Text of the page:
Commercial Farmers' Union of Zimbabwe

Commercial Farmers' Union of Zimbabwe

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Harare businessman if fresh farm seizure


Veneranda Langa

Senior Reporter

Suspected war veterans yesterday stormed Fox farm at Pamona in Harare and forced the owner, Desmond Fox, to leave immediately to make way for a new owner, a beneficiary of the land reform programme.

When NewsDay visited the farm in the afternoon yesterday, Fox, who said he has been farming there for the past 47 years, was already packing his belongings under the watchful eye of the suspected war veterans.

Sources at the farm who spoke on condition of anonymity said Fox’s farm was being taken over by a local businessman, Eddie Kadzombe.

They said Kadzombe had links with Zany PF.

“The war veterans – about ten of them – pounced on the farm ten days ago, brandishing an offer letter, which we suspected to be fake. They told Fox to pack his bags and leave the farm,” said a source.

“Since that time they have been at the farm and Kadzombe also visited five days ago and ordered Fox to leave so that he could take over,” the source said.

When contacted for comment yesterday, Kadzombe admitted that he was taking over the farm. He however denied that the ten men who had invaded the farm were war veterans.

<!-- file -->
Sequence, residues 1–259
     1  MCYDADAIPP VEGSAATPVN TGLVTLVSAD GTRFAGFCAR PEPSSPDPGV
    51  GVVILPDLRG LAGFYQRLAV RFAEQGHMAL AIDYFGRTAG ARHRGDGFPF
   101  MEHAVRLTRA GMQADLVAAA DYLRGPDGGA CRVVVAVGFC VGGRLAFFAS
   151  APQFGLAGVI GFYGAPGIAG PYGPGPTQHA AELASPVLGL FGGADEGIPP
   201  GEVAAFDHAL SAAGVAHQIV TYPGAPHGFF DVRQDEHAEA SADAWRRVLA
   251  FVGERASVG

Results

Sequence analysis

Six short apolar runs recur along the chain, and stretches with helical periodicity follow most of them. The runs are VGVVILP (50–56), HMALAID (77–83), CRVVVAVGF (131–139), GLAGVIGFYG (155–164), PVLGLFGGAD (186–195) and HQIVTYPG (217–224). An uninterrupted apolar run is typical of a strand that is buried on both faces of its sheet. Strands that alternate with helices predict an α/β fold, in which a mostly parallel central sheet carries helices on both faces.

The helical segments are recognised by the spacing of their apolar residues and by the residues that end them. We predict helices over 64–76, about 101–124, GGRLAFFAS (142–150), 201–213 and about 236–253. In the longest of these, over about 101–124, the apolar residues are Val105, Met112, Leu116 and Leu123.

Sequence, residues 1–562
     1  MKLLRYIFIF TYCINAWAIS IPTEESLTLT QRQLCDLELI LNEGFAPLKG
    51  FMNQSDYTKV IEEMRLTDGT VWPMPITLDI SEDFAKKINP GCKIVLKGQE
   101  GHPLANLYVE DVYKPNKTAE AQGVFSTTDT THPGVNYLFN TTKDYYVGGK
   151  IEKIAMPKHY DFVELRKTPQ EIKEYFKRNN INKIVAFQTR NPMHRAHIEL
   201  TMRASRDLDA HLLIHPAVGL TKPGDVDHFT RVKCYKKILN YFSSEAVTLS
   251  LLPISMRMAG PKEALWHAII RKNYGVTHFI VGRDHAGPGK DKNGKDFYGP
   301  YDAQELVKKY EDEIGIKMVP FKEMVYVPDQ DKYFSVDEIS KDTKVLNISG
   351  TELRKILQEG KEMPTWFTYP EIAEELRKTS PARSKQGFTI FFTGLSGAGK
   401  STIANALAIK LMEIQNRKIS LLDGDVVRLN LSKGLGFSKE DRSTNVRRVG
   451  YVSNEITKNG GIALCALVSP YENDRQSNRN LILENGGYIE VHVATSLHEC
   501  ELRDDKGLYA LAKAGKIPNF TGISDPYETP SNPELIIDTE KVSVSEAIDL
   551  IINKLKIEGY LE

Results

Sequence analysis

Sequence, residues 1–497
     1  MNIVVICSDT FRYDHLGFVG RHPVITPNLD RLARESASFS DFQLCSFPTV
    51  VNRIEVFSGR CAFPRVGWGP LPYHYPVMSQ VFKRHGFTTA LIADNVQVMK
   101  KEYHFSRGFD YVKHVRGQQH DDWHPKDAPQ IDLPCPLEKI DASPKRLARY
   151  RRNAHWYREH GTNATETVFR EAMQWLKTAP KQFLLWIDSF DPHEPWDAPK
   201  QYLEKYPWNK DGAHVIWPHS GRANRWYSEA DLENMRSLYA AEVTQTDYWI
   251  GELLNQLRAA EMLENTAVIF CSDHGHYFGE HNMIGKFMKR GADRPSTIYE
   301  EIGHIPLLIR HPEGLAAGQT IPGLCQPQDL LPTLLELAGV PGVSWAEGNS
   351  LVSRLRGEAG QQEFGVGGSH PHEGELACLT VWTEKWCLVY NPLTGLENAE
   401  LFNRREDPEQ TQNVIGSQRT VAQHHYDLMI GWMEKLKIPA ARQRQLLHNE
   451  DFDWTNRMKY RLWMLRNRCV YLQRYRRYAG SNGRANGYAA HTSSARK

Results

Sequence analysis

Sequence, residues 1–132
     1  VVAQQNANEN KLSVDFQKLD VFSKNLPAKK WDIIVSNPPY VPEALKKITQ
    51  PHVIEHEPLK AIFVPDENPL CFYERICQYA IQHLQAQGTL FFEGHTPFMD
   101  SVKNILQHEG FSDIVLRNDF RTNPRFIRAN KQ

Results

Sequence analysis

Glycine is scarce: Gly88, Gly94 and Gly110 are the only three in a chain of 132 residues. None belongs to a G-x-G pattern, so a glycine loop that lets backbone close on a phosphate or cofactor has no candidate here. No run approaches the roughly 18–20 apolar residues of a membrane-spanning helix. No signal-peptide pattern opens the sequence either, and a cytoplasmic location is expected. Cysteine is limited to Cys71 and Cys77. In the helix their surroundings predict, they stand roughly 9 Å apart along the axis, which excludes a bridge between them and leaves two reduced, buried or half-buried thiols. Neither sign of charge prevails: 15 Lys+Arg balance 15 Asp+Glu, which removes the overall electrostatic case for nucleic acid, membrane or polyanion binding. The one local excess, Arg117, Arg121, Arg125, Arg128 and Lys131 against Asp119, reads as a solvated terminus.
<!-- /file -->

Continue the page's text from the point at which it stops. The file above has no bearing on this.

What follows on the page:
“There is not even one war veteran amongst the young men who have forced Fox to leave the farm. Those are Fox’s workers who are not happy with their working conditions and they want him to leave to make way for a black farmer,” said Kadzombe.

He also maintained that his offer letter was genuine.

“That is State land and I was allocated that land by the Minister of Lands and Rural Resettlement. Millions of Zimbabweans have benefitted from the land reform programme and I also deserve to benefit,” he said.

Kadzombe said Fox had been given a month to vacate but he had been refusing to do so.

“The offer letter says you have to take possession of the farm within 30 days and employ all the farm workers. I will incorporate all the workers and I do not need Fox’s potato crops. I will allow Fox to come and harvest his crop because what I only want is land,” Kadzombe said.

The farm is renowned for producing high quality potatoes, soya beans and maize.

Kadzombe said if the offer letter in his possession was a fake one, then there would be need for a police report and the matter should also be reported to the Ministry of Lands and Rural resettlement.

However, the Commercial Farmer’s Union (CFU) yesterday said it was worrying that production at most farms in Zimbabwe remained under threat due to farm invasions.

The CFU president Deon Theron said farm invasions were continually happening although there were now isolated incidents.

“About 100 farmers throughout the country are currently under pressure to leave their farms and obviously production suffers. Sometimes farmers are wary of reporting cases of farm invasions because media attention can worsen the situations and put their lives in danger,” said Theron.


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